In part one of this series, we discussed the various options to incorporate multiple businesses while keeping each business as a separate entity. But what if you want to keep all of your businesses under one roof? If you have multiple business ventures, it might make more sense to keep your businesses as part of one unified brand if the various ventures share similar marketing strategies and target similar customers.
For example, if you offer event planning services and also run a separate website that sells customized invitations, you could host both of these ventures under the same corporate umbrella. How do you create a business structure using one business entity to hold multiple businesses under one corporate umbrella?
Here is one of the simplest and most effective solutions:
How to host multiple companies under one umbrella business structure
This may be done by creating an LLC, S-Corporation or C-Corporation to hold multiple DBAs for the various other ventures that are part of the main “umbrella” business structure.
For example, if someone has three businesses: one consulting service, and two separate websites that sell products related to the consulting work, the business owner could create one overarching LLC or corporation (depending on which choice of business structure provides the most tax advantages) called something such as “Mary Smith Enterprises, LLC” or “Mary Smith Enterprises, Inc.” and then file DBAs (“Doing Business As”) to include each of the subsidiary websites as part of its overall business structure (LLC or corporation), even though they have different names. This is an easy way to structure multiple businesses to potentially minimize tax liability (depending on the business and owner’s tax filing status) and provide added credibility for the business operations.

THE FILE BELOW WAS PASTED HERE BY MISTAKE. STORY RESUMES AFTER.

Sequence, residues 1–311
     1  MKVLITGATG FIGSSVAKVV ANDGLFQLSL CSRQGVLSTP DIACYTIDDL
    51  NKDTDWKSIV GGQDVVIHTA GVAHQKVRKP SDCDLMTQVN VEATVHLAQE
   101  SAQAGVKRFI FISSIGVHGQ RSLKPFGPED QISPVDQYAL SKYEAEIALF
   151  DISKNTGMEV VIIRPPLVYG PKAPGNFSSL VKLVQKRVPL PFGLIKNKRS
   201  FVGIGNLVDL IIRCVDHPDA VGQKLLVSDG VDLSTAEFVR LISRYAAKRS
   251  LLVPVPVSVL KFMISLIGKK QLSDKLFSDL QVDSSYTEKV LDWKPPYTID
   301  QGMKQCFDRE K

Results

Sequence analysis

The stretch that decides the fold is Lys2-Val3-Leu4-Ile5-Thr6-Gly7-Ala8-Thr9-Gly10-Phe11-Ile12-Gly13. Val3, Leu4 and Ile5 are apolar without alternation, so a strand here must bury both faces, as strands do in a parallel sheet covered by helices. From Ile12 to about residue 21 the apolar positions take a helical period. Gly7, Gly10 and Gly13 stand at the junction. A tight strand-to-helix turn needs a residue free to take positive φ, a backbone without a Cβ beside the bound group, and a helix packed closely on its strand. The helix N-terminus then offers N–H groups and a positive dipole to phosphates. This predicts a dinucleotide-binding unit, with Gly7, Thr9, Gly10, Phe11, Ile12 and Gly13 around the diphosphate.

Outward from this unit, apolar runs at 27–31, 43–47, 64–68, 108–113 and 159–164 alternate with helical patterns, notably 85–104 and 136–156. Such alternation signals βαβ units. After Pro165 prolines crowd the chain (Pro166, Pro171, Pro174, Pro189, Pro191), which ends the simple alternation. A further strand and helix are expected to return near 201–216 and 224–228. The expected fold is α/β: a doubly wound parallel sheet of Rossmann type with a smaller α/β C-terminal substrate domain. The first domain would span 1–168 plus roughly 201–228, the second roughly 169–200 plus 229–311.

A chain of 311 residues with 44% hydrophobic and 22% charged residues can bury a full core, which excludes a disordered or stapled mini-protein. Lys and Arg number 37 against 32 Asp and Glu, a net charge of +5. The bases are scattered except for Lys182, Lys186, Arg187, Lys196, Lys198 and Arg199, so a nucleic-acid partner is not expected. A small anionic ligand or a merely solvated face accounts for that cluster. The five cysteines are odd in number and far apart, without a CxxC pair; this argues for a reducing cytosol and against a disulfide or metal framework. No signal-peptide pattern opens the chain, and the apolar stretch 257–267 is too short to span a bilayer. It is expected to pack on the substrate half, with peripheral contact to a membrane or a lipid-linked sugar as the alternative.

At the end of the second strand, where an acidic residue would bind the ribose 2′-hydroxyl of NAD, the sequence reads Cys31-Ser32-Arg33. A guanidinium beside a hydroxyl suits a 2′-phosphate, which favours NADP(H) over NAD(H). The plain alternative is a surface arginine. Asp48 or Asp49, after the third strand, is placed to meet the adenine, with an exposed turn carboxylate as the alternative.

Tips for structuring multiple businesses under one LLC:
You don’t have to disclose the name of the LLC. If you have multiple businesses that are not seemingly related to each other, you can keep doing business under each business’s name without being legally required to disclose the name of the business which holds the DBAs, (your LLC, corporation or partnership) as part of your marketing.
For example, if Sue Smith runs three companies – “Sue’s Cookies,” “Flowers by Sue”, and “Sue’s Soup Shop,” she can keep using those separate brand names for each business without having to tell anyone that the businesses are actually under the umbrella of “Sue Smith Enterprises, Inc.” Structuring multiple businesses can save on paperwork. Keeping each business separate might be a valid option for certain situations, but it can lead to additional paperwork and expense. Keep all the tax information in one place: If you have multiple DBAs under one LLC or corporation, you can keep the earnings and expense tracking for all of your businesses under that one corporate structure, making it easier to pay what you owe (and save as much as you can) at tax time.
Cover all your bases. Are you going to be doing business under any other names, other than the “obvious” ones? It’s easy to file a separate DBA for each possible permutation of your business name, for example, by filing a DBA for “Sue’s Soup Shop” as well as “SuesSoupShop.com.” By filing an LLC or forming a corporation with multiple DBAs under the business “umbrella,” you may be able to streamline your business bookkeeping and simplify your marketing. Get it done right by structuring your multiple lines of business in a way that maximizes your marketing abilities.
In part three in this series, you may explore alternatives to using a single business entity with multiple DBAs to expand your business enterprises.